NEW ORLEANS – The blowout preventer that should have stopped the BP oil spill failed largely because of a faulty design and a trapped piece of pipe, an official probe found Wednesday, appearing to shift some blame for the blowout from the oil giant and toward those who built and maintained the 300-ton safety device.
A 551-page investigative report said the piece of drill pipe prevented the blowout preventer’s blind shear rams from sealing the well around the time of the April 20 oil rig explosion off the coast of Louisiana. The shear rams are components in a blowout preventer that cut, or shear, through drill pipe and form a seal against well pressure.
The drill pipe’s position within the wellbore caused it to buckle and bow when the well lost control, impeding the rams, according to the report.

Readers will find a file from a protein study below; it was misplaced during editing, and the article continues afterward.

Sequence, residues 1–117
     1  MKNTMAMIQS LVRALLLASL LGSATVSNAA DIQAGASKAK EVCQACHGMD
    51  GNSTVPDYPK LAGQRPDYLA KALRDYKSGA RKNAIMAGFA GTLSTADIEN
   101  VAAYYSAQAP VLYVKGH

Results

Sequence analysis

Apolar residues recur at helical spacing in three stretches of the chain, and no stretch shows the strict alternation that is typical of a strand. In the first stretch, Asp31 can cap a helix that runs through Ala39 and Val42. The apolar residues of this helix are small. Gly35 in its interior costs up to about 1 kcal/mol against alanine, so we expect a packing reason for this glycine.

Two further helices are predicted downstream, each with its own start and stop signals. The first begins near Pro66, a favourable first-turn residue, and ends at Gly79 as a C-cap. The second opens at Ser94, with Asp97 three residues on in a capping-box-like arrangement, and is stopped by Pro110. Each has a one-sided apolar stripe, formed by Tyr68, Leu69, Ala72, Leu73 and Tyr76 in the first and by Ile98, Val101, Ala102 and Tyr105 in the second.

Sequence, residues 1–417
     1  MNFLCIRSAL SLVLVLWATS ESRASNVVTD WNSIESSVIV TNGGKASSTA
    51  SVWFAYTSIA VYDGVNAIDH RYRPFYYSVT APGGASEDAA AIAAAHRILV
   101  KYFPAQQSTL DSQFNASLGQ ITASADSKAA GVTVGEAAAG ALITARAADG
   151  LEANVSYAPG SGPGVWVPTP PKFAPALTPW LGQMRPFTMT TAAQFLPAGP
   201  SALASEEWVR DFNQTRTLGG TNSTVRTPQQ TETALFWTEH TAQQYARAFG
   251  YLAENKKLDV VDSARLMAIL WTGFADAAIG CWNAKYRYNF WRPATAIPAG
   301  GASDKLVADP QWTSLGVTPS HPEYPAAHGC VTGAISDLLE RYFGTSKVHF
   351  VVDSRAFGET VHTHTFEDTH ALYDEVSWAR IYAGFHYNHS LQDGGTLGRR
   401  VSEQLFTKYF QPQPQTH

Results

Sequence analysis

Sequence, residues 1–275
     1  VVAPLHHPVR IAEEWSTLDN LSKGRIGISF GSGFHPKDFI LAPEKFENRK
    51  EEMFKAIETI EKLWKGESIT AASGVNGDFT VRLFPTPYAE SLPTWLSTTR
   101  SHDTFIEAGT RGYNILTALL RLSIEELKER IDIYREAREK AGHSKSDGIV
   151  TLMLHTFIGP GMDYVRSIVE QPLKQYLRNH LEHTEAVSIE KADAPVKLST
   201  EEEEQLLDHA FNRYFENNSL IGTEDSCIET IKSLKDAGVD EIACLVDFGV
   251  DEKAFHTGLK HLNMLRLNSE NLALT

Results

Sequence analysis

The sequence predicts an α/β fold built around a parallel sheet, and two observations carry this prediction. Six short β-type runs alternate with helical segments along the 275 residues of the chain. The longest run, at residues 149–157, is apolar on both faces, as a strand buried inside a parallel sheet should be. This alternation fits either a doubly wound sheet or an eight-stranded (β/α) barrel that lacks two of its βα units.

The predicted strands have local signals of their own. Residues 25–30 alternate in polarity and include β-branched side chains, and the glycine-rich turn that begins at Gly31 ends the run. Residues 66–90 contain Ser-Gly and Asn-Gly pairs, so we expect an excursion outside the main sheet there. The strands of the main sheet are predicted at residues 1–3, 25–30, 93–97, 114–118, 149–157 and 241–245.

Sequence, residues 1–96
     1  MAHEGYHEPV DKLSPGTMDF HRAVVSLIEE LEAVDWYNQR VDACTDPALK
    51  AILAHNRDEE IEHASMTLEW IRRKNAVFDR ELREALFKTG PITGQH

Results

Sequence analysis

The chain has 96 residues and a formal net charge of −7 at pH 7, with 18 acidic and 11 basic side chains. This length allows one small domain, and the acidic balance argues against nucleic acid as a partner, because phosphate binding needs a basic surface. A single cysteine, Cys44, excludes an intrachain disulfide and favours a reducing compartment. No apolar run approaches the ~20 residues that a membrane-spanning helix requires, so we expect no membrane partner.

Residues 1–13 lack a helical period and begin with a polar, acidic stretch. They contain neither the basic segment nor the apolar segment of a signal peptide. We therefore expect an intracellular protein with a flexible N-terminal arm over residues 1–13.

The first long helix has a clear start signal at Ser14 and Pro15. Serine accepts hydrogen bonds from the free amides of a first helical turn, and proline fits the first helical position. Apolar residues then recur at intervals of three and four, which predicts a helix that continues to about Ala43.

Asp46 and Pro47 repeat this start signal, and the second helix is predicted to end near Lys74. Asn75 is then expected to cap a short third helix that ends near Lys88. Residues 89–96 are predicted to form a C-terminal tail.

The Norwegian firm hired by the government to test the blowout preventer also faulted the performance and design of the failsafe device.
Det Norske Veritas’ report doesn’t single out any one party involved in the well, but discusses in great detail why the device didn’t work. The device was made by Cameron and maintained by Transocean Ltd.
BP, Cameron and Transocean did not immediately respond to requests for comment on the report.
Speculation on why the blowout preventer failed has persisted during the year since the disaster.